LGUs urged to organize barangay-based contact tracing teams
MANILA, Philippines — Local government units should organize barangay-based contact tracing teams for returning overseas Filipino workers and locally stranded individuals, the Commission on Population and Development (PopCom) said on Friday.
In a statement, PopCom executive director Dr. Juan Perez III said that city and municipal mayors should prioritize joint memorandum circular 2020-01 signed by the commission, the National Economic and Development Authority (Neda), the Department of Health (DOH), and Department of the Interior and Local Government (DILG) issued on April 30.
The circular— where it prioritizes barangays where COVID-19 positive patients reside—reads that mayors can “ mobilize 200,000 barangay health workers across the country, about 10,000 population volunteers nationwide, the barangay police officers or ‘tanods,’ and other local volunteers to conduct contact tracing under the supervision of city, as well as municipal epidemiology and surveillance units”
LGUs without such units can request their provincial governors, as well as regional offices of DOH and PopCom, for technical assistance, as stated in the circular, Perez said.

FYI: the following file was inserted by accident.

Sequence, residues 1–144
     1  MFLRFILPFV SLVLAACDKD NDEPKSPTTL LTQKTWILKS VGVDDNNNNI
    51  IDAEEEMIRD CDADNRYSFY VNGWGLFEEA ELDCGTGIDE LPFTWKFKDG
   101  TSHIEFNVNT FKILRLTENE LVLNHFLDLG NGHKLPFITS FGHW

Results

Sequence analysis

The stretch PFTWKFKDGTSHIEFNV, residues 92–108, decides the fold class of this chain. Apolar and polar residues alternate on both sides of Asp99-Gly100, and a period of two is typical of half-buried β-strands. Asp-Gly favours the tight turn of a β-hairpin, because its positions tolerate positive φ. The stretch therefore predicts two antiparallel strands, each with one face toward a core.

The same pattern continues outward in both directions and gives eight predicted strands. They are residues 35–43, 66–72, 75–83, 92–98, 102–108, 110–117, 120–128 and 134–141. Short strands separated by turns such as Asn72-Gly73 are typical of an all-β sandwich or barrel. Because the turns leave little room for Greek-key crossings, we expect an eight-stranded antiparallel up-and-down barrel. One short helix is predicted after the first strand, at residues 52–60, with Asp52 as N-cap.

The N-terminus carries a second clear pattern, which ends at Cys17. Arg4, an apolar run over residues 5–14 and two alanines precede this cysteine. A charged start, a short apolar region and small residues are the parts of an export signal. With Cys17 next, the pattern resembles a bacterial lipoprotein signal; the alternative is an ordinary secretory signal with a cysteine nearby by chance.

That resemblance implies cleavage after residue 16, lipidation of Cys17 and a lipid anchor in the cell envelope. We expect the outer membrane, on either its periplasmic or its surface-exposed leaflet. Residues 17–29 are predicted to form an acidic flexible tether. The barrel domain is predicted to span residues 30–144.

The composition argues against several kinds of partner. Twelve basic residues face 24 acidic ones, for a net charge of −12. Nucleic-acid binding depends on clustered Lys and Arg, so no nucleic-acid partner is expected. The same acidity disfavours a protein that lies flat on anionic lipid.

The PopCom executive director added that as mandated in the circular, barangay health and population volunteers regularly do visits in their respective areas to deliver health messages and services.
“We cannot wait for the hiring of professional or untrained contact tracers. Health and population volunteers can do the job, and, as anticipated in the joint memorandum circular, with support for the hazardous work they do, and through appropriate logistical support from national agencies and local governments,” Perez said, as he urged for the LGUs’ “immediate action” on the formation of contact-tracing teams.
Those who will be suspect cases—identified as those having fever or influenza-like illness or with respiratory illness, Perez said, can be detected by contact-tracing teams under the supervision of local health officers.
After suspect cases are tested, they will now be classified as “probable cases,” and both suspect and probable cases should be placed under quarantine such until the test is returned.
As for positive cases, they will be under health monitoring, depending on the patient’s condition, Perez explained.
Neda previously said that the government was planning to hire 136,000 contact tracers to boost the country’s fight against the coronavirus, which would cost around P11.7 billion.
According to the latest DOH data, there are currently 20,626 COVID-19 cases in the Philippines, with 987 deaths and 4,330 recoveries.
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